ITHACA, N.Y. — Generally speaking, we’ve gotten off rather lightly so far this winter, pre-Christmas storm system and a few icy mornings excepted. It’s been the warmest January since 1990. Snowfall is modestly below average, it’s been a wet month but much of that has been rain, which the last I checked, you don’t have to shovel.

However, anyone who thought we could get through the whole winter without a bitterly cold blast will be bitterly disappointed later this week, as an Arctic high sends temperatures plunging later in the week. Start saving those Netflix movies in your queue and do your groceries early this week, because you’ll want to just hunker down and tuck into something warm next weekend.

Your Weekly Weather

A low pressure storm system is moving northeastward up the Saint Lawrence River Valley, and that’s triggered ample cloud cover and some scattered rain and snow showers across the region this Sunday. Temperatures are well above here in the warm sector of the low’s counterclockwise flow, with highs in the lower 40s during the afternoon.

A brief drier period will take place later tonight in as the trailing cold front presses down from the northwest early Monday morning, and before any lake-effect rain and snow showers start up. The few remaining rain showers will turn to snow this evening, but little to no accumulation is expected, with drier if still cloudy conditions after midnight, behind the front. Lows will be well above normal, in the upper 20s.

Monday will be another grey day, and a few degrees cooler behind the front. A coating of new snow from the lake-enhanced showers is possible, though most areas will just see a few flakes in the air, raindrops during the afternoon. Highs will be in the mid 30s. Monday night will see winds turn more briskly from the northwest as a weak shortwave passes through, though once again with minimal accumulation. Skies will be cloudy and lows will be around 20 (which is still a little above normal).

Tuesday will be a little colder as a strong high moves in from the west. In its clockwise flow, polar air will be drawn into the Northeast. Skies will be largely cloudy with highs in the mid 20s. Tuesday night will be quiet but cold, with mostly cloudy skies and lows in the mid teens, though that could drop lower if the clouds break up during the night.

As the high weakens somewhat and the core dips to the south, a more westerly flow will build in (highs have clockwise flow in the Northern Hemisphere), so temperatures may be a touch warmer, in the upper 20s for highs with sustained glimpses of a mysterious bright orb that some cultures call “the sun”. We’re working to verify its existence here, and will keep you posted. Wednesday night will be mostly cloudy with lows in the upper teens.

Thursday sees a developing Canadian clipper low pass to the north, but its cold front will break down the meteorological door for a powerful Arctic high that will move into the Upper Midwest and bring freezing temperatures down the Eastern U.S. all the way into the Deep South. Ahead of the low, temperatures will actually perk above normal, into the mid and upper 30s, with WSW winds and partly cloudy skies. But once that cold front moves through Thursday evening, the temperature sinks, even as some cloud cover continued as part of lake-effect snow showers. The wind will pick up from the NW and become quite strong, 25-30 MPH by morning. Lows will be in the mid teens, but with wind chills, it’ll feel like it’s near zero.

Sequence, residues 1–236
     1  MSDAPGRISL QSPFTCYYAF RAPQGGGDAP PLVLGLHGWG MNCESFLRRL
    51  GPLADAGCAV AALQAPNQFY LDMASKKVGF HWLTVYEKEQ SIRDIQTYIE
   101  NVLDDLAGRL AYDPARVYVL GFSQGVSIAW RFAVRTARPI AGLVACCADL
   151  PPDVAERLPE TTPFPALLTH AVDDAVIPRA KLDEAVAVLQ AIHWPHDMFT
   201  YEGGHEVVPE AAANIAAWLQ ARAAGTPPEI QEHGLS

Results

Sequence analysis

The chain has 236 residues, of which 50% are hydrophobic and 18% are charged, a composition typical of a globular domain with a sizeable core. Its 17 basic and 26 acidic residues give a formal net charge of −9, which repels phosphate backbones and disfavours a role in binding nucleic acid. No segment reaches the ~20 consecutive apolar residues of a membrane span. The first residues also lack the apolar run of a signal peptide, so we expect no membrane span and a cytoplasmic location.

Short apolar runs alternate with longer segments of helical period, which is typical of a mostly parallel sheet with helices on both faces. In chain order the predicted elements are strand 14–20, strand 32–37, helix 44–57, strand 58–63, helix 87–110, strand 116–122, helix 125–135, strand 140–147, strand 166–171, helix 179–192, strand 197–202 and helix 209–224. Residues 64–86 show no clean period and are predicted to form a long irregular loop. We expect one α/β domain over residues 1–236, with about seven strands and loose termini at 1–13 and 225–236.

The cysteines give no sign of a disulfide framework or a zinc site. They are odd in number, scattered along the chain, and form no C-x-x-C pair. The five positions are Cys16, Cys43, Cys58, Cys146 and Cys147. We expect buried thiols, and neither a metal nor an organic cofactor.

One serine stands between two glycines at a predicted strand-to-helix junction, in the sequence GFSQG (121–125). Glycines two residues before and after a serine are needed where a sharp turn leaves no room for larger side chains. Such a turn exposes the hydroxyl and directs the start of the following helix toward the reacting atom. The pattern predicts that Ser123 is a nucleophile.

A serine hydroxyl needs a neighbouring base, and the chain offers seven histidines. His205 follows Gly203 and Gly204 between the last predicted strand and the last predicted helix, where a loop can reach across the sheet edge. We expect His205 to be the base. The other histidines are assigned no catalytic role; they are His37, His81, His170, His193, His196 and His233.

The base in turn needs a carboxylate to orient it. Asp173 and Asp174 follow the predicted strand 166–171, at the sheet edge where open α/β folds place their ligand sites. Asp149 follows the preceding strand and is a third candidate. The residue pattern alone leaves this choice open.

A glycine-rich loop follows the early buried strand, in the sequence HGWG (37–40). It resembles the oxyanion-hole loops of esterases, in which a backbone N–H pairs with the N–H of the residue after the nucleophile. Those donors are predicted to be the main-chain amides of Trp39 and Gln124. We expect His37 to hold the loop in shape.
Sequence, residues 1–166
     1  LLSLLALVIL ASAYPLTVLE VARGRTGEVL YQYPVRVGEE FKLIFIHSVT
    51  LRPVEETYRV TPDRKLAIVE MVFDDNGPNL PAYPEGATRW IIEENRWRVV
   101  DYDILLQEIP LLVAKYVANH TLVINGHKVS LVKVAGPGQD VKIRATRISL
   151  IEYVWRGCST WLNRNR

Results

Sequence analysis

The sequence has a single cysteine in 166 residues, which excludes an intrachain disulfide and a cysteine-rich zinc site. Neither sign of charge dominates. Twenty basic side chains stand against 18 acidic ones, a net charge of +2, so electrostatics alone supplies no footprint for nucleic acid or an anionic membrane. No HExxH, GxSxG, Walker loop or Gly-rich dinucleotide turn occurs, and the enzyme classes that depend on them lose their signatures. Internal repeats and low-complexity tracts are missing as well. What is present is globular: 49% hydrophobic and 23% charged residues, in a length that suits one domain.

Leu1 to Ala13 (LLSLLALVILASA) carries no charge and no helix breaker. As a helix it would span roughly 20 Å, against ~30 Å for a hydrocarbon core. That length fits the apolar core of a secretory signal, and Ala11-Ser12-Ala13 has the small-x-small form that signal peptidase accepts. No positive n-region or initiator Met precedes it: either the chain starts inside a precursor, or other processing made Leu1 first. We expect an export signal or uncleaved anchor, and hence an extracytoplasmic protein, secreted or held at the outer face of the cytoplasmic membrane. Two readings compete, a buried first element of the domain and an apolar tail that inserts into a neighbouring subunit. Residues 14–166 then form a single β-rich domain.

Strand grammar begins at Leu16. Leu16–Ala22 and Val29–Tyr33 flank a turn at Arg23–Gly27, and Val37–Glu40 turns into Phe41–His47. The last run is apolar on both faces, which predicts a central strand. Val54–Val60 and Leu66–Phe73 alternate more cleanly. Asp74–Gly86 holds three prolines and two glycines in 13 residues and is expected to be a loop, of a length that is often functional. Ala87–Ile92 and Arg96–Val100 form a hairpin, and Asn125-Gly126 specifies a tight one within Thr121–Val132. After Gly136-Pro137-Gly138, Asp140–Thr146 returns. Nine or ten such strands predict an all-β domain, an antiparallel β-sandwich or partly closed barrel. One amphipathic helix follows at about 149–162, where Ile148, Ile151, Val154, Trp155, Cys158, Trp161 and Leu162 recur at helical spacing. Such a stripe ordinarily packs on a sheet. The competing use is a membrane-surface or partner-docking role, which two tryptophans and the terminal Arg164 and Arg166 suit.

Friday is just an atrociously cold day as that Arctic high’s icy reign extends across the Great Lakes and Northeast. Stay indoors if you can. Highs will be near 20 with partly cloudy skies, but with winds 30-40 MPH, the wind chills will be 0 to -10 F. Friday night will see the winds slacken late as the core of the low approaches, but it will be bitterly cold, with lows around 0 and wind chills -15 to -25 F. Take care to check your pipes, take care of your outdoor critters, and give extra time for your car to heat up if you have to go out, because these conditions are very rough on the mechanicals, and bundle up thoroughly because frostbite happens fast in these conditions.

Saturday will be a mostly sunny but frigid day with highs in the teens, though the Arctic high will move east of Tompkins County by later in the day, which will put us in the rear flank, southerly flow, and warmer air advection. As a result, lows Saturday night will be seasonable, in the low and mid teens with mostly cloudy skies.

Sunday will be quite the rebound, though it’ll likely wreak havoc on the water mains. Expect cloudy skies and highs in the mid 30s. Sunday night is looking to be above normal, in the mid 20s with overcast conditions. The cold will be intense Thursday night through Saturday, but at least it’s fairly brief.

Graphics courtesy of the NOAA Climate Prediction Centter.

Extended Outlook

Looking into mid-February, the large-scale outlook calls for a jet stream trough in the Western United States, and a ridge over the East Coast. That would allow unseasonably warmer air to filter into the Northeastern U.S., Tompkins County included. On the precipitation side, a combination of Pacific Ocean and Gulf of Mexico moisture will be channeled up the right over the Great Plains and into the Great Lakes, which will also allow for wetter-than-normal conditions over Upstate New York. Or, in short – it’s a recipe for continued conditions we’ve seen this January.

Brian Crandall

Brian Crandall reports on housing and development for the Ithaca Voice. He can be reached at